Wearing a mask could give you COVID-19 immunityBy Robin Zlotnick
Sep. 28 2020, Updated 6:27 a.m. ET
Hey! That mask on your face? You know the one. It's probably cloth, maybe two or three layers, elastic ear bands, maybe a cute patterned fabric? That mask could make you immune to COVID-19. Really.
The Telegraph reports that wearing a mask could very possibly have the unintended side effect of giving people immunity against COVID-19. And if you think about it, it makes a lot of sense.
We know that COVID-19 is airborne, meaning it travels in the tiny droplets that you expel when you sneeze, cough, talk, sing, etc. But a new paper published in the New England Journal of Medicine suggests that being exposed to fewer droplets, a smaller virus load, means you'll get less sick.
And guess what helps with that? Wearing masks. Masks filter out a lot of the gross stuff that we expel when we talk, the coronavirus included. Therefore, wearing a mask will expose you less of the virus, which, if you contract the virus at all, means that you get less sick or asymptomatic and / or even develop immunity to COVID-19.
According to the journal, this theory is yet unproven but still very promising. "Universal face mask wearing might be helping to reduce the severity of the virus and ensuring that a greater proportion of new infections are asymptomatic," The Telegraph writes.
If this hypothesis is true, wearing masks could "become a form of variolation (inoculation) that would generate immunity and 'thereby slow the spread of the virus in the United States and elsewhere'" while we wait for a vaccine to be approved.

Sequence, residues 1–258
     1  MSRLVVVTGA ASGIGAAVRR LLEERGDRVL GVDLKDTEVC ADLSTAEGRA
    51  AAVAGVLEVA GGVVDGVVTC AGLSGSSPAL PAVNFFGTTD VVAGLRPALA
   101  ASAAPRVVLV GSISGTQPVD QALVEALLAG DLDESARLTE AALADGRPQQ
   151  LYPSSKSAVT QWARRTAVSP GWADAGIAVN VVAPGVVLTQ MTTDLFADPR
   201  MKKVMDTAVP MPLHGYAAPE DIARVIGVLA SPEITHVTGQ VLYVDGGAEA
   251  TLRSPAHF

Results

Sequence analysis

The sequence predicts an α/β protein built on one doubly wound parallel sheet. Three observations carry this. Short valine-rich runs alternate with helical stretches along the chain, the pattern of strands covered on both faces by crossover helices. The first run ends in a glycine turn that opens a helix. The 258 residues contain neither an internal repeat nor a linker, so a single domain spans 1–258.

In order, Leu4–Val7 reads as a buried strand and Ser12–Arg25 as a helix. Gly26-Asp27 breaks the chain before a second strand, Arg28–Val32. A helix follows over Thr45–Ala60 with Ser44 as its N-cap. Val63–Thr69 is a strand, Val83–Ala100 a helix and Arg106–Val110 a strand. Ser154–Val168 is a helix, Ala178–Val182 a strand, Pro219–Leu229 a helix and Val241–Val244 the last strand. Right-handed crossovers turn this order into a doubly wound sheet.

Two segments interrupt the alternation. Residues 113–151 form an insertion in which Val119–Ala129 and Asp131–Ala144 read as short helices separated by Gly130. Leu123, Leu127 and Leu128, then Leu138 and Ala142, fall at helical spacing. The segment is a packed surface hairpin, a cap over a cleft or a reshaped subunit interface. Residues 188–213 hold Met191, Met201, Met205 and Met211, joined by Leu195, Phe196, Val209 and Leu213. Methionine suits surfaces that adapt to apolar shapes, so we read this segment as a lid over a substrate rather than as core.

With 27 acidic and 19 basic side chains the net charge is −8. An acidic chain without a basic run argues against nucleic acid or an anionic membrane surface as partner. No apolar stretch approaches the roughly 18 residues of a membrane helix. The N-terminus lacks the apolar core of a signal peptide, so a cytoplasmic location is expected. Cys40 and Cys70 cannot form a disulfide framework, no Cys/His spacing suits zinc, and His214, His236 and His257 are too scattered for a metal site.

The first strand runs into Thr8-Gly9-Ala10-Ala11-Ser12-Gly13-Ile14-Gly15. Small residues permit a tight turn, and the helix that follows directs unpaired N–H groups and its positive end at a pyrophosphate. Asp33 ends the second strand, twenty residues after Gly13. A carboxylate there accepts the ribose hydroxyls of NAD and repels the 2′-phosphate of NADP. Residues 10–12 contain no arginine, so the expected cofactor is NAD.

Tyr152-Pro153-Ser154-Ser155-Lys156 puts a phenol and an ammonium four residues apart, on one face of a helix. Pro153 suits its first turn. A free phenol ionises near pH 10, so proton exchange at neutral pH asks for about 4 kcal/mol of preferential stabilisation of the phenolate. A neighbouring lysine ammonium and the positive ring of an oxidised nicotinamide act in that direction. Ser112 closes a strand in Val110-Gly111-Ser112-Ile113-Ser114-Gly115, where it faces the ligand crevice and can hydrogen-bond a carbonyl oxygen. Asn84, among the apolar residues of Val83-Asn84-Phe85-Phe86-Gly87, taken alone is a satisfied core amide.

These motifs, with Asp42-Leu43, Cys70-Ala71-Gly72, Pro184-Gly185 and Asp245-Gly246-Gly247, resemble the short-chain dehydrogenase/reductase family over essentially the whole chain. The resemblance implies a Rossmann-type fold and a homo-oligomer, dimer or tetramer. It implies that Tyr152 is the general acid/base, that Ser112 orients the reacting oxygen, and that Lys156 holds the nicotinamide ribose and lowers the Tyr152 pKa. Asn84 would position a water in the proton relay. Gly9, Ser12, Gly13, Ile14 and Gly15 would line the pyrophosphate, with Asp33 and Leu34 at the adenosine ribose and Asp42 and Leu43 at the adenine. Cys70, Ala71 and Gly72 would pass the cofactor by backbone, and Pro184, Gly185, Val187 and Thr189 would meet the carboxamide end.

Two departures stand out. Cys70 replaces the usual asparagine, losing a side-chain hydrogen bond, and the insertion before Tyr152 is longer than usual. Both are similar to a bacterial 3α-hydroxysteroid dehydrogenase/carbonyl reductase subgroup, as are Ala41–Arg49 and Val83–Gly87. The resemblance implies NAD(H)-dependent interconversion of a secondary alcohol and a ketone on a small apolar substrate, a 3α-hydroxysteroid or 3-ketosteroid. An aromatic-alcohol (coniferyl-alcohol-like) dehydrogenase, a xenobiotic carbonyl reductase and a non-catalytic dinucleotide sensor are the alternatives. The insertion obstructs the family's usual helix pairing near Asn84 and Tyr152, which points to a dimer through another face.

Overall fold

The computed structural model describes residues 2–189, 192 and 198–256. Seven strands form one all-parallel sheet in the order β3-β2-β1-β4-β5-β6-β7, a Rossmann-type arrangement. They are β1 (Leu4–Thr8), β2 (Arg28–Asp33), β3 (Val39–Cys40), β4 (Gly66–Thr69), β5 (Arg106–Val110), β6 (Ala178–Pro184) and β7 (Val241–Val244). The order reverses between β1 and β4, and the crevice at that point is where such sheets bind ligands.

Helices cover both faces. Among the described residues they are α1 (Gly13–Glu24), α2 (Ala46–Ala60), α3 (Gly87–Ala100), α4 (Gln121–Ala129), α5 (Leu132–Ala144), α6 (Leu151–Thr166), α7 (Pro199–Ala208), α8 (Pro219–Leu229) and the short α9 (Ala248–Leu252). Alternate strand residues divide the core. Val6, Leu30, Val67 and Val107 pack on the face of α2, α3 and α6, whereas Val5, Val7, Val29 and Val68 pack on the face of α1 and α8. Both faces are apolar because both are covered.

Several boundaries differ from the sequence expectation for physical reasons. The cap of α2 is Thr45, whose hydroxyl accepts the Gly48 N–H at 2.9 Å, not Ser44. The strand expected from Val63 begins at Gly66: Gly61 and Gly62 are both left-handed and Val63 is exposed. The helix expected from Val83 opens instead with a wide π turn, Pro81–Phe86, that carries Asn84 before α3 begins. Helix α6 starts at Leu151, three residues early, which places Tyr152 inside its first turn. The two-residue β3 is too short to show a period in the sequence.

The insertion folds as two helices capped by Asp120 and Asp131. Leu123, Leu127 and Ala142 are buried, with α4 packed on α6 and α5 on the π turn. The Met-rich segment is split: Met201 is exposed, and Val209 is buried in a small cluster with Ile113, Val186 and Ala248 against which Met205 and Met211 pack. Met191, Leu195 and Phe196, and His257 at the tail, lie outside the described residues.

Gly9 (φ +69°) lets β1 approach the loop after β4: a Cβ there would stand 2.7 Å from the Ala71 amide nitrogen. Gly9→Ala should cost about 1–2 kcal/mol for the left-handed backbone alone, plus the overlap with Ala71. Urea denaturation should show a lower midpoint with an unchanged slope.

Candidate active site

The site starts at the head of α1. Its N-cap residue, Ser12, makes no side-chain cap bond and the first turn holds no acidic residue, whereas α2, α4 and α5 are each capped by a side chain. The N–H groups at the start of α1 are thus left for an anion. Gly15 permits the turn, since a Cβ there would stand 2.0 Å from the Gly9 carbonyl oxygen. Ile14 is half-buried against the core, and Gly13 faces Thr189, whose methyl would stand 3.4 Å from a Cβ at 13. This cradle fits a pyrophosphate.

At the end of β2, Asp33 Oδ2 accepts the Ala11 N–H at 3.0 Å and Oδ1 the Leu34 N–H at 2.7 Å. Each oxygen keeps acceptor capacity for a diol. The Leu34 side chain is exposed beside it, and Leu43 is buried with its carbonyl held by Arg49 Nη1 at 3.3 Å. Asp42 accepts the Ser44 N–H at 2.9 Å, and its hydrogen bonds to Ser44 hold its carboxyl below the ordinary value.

There is mounting evidence that the amount of virus that a person is exposed to determines how sick they will get. If we all wear masks, we might prevent each other from transmitting viral loads large enough to land people in the hospital.
There is also new data that suggests that even if you have a mild or asymptomatic case of COVID-19, you can develop fairly strong immunity to the virus. Researchers urge public health officials to continue to implement and enforce protective measures, like mask-wearing, because it should have an impact on overall community immunity to the virus.
A vaccine generally takes a tiny amount of the virus and injects it into a person to trigger an immune response. If you wear a mask and get exposed to a teeny tiny amount of the coronavirus, the thinking is that it could trigger the same kind of immune response you'd get from a vaccine.
This is potentially very good news. There is more research to be done on the subject, but all signs so far point to the idea that masks can prevent you from getting the virus or at least from being seriously sickened by it. If the tiny viral load you are exposed to while wearing a mask makes you mildly sick and develop immunity, that's a plus for the population as a whole.
Dr. Julian Tang, Honorary Associate Professor of Respiratory Sciences at the University of Leicester, said, “This idea of 'variolation' — a term originally derived from the smallpox pre-vaccine era — is quite feasible and may add to the protective physical effects of universal masking — by low-level stimulation of the wearer's immune system as it is exposed to low levels of airborne SARS-CoV-2, which can induce an immune response but without any overt infection and disease.”
While more research is needed to confirm this theory, the data so far is clear enough to say you should definitely continue to wear a mask when out in public. It is keeping you safe, and it is keeping others safe. There's no debate about that.